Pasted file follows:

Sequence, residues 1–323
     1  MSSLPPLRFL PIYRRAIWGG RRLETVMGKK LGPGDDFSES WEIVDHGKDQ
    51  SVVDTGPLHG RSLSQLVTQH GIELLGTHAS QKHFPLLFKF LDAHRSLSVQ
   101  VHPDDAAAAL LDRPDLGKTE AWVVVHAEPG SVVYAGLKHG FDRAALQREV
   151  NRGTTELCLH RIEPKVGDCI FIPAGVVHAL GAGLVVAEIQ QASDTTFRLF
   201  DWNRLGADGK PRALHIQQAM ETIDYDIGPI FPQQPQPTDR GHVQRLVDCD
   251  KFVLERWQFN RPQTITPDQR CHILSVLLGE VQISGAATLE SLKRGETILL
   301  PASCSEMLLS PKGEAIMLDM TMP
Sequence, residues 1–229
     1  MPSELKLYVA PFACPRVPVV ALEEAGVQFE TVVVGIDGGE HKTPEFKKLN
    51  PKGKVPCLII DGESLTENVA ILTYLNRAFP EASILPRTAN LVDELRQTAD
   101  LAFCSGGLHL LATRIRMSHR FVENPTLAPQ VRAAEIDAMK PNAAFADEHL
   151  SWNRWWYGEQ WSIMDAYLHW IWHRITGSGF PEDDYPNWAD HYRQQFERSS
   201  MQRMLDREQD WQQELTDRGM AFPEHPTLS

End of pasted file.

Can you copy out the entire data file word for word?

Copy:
Sequence, residues 1–323
     1  MSSLPPLRFL PIYRRAIWGG RRLETVMGKK LGPGDDFSES WEIVDHGKDQ
    51  SVVDTGPLHG RSLSQLVTQH GIELLGTHAS QKHFPLLFKF LDAHRSLSVQ
   101  VHPDDAAAAL LDRPDLGKTE AWVVVHAEPG SVVYAGLKHG FDRAALQREV
   151  NRGTTELCLH RIEPKVGDCI FIPAGVVHAL GAGLVVAEIQ QASDTTFRLF
   201  DWNRLGADGK PRALHIQQAM ETIDYDIGPI FPQQPQPTDR GHVQRLVDCD
   251  KFVLERWQFN RPQTITPDQR CHILSVLLGE VQISGAATLE SLKRGETILL
   301  PASCSEMLLS PKGEAIMLDM TMP
Sequence, residues 1–229
     1  MPSELKLYVA PFACPRVPVV ALEEAGVQFE TVVVGIDGGE HKTPEFKKLN
    51  PKGKVPCLII DGESLTENVA ILTYLNRAFP EASILPRTAN LVDELRQTAD
   101  LAFCSGGLHL LATRIRMSHR FVENPTLAPQ VRAAEIDAMK PNAAFADEHL
   151  SWNRWWYGEQ WSIMDAYLHW IWHRITGSGF PEDDYPNWAD HYRQQFERSS
   201  MQRMLDREQD WQQELTDRGM AFPEHPTLS